Dear Bee –
I’ve heard of a lot of folks dealing with egg-bound hens.
Thoughts about what causes this?
In my opinion? Too much fat around the vent area. Too old hens that are ovulating and producing eggs abnormally. Take a look at this diagram and see what a buildup of fat tissue around the vent area would look like and just what it would block and pinch in the way of reproduction. Same thing happens with sheep as they tend to store fat internally instead of underneath the skin. If they gain too much fat around the uterus, they have problems with lambing. It narrows and blocks the area around the cervix and vagina.
When I would butcher a cull Buff Orpingon hen, I'd find a huge amount of fat around the vent area.... more so than any other bird I'd ever butchered ~ even more than meaty breeds. These birds were never good layers and would have problems such as thin shells, no shells, soft shells, and irregular laying patterns (abnormal ovulation). As many folks know, this happens in women who are overweight as well.... abnormal ovulation, excessive bleeding, ovarian cysts.
(Right from the outset you can see the problems this hen would have had laying an egg... she had thick fat layers completely around her vent area, bottom and top.)
I've never had what I considered an egg bound hen ~ probably because I cull them for certain traits. But with the rise in city and backyard flocks you see folks buying BOs and other pet quality chickens that are docile, get very little exercise and eat quite a bit... and then this is compounded by people feeding "treats" such as cooked rice, cooked anything, wild bird seed, BOSS (black oil sunflower seeds), etc. as a daily ration.
They are also keeping these birds past the age of regular laying and into the age where they are starting to have irregular ovulation. This leads to trouble in normal egg production...all the parts are wearing out, misfiring, etc. They don't cull as soon as these problems arise and pretty soon they have a hen that is egg bound due to ovarian cysts, internal laying, peritonitis from broken shells, etc.
When excess fat develops around the cloaca, you will see it completely around the cloaca, not just underneath it. This fat is pressing against where the eggs need to come into the cloaca.
So that "begs the question"... How do you keep hens from getting fat? I was of the mind that a good, healthy bird would eat only what they needed. We talk about putting out enough that they finish it and learning from that what amount to put out. If they will overeat, how can we regulate that?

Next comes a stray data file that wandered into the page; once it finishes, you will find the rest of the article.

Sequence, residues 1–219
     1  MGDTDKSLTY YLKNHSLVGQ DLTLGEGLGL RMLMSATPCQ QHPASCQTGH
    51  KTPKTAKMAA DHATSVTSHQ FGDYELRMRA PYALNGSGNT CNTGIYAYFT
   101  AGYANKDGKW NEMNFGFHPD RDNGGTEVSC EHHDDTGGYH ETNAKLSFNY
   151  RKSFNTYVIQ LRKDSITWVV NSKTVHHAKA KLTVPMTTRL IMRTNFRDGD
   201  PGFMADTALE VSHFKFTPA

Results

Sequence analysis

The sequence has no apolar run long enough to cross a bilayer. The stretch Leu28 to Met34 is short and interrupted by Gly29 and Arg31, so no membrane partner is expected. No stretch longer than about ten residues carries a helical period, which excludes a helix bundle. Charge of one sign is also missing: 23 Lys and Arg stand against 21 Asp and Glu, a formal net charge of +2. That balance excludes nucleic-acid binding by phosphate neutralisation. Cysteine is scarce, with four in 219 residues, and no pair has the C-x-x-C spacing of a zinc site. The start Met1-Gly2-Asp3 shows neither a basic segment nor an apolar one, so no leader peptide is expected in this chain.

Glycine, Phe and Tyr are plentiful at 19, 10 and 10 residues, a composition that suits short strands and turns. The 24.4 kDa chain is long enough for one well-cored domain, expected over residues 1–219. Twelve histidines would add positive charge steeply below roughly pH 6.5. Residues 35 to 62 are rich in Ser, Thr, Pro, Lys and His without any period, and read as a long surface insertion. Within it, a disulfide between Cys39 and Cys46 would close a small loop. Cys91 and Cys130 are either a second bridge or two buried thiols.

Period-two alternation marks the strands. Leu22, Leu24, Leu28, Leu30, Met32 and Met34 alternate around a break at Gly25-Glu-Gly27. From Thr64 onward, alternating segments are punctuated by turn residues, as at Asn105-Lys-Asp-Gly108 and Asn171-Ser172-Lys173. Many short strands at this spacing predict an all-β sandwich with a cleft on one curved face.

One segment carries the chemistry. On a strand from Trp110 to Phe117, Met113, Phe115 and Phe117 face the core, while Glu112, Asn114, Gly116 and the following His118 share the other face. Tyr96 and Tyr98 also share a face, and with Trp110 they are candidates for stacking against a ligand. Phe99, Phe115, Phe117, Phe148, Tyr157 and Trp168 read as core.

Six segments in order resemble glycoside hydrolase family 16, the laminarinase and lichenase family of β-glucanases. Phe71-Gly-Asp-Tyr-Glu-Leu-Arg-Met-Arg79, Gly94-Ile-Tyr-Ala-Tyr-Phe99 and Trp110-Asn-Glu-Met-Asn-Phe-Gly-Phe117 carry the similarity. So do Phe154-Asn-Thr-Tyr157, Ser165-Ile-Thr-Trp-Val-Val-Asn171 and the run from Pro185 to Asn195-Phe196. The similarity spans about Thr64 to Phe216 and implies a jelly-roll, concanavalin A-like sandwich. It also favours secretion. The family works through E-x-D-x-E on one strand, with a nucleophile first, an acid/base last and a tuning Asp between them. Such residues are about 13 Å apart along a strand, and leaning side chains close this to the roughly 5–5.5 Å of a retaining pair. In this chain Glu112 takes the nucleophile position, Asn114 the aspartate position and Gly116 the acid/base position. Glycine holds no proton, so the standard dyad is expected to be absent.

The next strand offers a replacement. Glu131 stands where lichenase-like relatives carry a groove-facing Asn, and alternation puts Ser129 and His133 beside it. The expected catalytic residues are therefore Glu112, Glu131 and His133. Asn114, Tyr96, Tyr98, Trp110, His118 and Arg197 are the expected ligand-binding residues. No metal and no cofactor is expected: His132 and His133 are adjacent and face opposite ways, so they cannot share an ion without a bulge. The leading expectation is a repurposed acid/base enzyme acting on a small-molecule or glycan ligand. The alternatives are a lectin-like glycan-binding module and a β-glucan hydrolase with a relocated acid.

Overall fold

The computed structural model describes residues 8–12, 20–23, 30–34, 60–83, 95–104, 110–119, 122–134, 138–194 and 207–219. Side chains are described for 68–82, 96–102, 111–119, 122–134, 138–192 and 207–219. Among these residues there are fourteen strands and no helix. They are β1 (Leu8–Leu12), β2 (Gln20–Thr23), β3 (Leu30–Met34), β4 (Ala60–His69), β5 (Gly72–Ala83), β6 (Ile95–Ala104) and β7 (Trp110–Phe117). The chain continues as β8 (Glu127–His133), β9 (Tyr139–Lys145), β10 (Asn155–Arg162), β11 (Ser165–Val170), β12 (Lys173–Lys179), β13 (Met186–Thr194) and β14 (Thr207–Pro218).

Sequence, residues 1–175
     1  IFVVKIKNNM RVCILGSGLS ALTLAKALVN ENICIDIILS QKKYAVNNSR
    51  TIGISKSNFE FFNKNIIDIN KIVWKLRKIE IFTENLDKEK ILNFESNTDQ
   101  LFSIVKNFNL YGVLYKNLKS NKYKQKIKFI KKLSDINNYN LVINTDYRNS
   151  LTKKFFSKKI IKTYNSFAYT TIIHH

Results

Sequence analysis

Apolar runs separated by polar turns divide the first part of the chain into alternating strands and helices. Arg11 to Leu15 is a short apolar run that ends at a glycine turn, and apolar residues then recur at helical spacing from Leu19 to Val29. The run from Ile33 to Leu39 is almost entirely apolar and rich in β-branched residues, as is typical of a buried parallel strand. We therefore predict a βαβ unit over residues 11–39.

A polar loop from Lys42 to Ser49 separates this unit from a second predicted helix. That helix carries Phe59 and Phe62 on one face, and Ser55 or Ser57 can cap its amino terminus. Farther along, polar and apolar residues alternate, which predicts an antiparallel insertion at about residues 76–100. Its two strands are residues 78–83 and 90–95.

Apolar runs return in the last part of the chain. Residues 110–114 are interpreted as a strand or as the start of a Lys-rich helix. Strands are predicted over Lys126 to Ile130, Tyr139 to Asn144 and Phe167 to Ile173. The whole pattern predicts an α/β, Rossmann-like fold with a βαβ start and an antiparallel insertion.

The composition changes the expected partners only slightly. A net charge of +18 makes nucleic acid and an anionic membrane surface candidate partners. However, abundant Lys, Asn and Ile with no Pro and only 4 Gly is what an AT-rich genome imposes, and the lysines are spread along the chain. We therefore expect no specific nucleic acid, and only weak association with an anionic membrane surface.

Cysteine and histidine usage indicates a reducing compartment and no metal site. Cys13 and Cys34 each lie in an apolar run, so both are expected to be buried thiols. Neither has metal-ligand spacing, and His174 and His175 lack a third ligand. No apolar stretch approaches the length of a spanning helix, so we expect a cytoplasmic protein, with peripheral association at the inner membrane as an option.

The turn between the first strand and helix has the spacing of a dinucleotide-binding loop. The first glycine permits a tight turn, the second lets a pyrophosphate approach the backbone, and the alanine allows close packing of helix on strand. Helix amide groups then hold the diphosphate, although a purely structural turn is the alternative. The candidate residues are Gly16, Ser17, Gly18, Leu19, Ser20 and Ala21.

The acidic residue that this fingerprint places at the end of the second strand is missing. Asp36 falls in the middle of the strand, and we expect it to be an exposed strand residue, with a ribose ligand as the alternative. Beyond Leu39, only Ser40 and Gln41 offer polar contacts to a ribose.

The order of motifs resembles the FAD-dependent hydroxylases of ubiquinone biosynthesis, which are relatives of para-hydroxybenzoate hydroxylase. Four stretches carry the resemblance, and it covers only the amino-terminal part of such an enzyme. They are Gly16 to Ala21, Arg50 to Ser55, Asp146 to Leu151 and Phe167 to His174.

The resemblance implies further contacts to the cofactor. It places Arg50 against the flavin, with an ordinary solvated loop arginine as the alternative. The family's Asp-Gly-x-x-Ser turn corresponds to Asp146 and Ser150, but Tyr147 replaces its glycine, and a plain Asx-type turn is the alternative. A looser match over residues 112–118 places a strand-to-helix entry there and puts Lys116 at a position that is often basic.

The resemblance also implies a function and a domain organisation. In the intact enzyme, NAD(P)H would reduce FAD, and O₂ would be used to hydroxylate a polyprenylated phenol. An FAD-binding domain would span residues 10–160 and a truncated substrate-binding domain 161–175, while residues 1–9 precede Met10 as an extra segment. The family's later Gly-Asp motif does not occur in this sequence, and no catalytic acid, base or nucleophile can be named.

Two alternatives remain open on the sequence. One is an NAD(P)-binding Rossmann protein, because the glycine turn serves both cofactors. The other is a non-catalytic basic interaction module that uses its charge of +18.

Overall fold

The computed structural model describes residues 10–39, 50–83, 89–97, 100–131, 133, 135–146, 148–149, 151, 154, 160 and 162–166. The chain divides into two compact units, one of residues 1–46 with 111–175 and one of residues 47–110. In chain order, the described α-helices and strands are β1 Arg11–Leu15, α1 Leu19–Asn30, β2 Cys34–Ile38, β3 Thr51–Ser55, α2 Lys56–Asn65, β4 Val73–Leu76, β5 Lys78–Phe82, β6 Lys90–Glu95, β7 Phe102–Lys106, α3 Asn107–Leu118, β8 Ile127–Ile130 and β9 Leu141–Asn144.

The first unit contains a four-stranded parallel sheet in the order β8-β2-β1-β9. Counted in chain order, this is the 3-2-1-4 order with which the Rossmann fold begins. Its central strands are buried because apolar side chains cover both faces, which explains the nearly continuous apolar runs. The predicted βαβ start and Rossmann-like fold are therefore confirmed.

Or... is it just certain breeds that have that issue?
Certain breeds are more prone to it. You can also make sure they get adequate exercise with free ranging in electric netting paddocks. You can make them work for their feed by foraging and then only feed them in the evening, feed them portions instead of free choice and feed them a normal percentage of protein and fats in their diets. Treat laden diets and chickens that only get to get out of the run in the evening to walk around the yard are going to be just like kids that eat a lot of snacks and only do exercise in gym class.
A good healthy bird is, also, often an opportunistic eater, so if their only opportunity for activity in a coop and run is to walk around the run, dust a little in the corner, lay an egg or eat, which do you think they will do the most of? They will eat, as it fulfills their need to forage, hunt and peck.
You can regulate that by watching your birds and seeing which hen is the first at feeder each day and if she is still there when that last of the feeder is being cleaned up - this is a bird that is not very feed thrifty. Most birds will eat their fill and go back out to forage or groom.... a few hoggy breeds or birds in the flock are still browsing the feeder. Watch those birds.
You can find out a lot about your birds if you watch them with intent... not just with pleasure at their antics but with an eye towards their feed habits, their activity levels, their interaction within the flock, their social abilities in regards to flocking, foraging, evading predators, etc.
All of these things are taken into account when I determine who to cull from my flock... not just laying, health and disposition. I want to shape my flock for harmony, hardiness, economy and laying efficacy. In other words, a flock that requires very little input from me to survive, thrive and fulfill their purpose.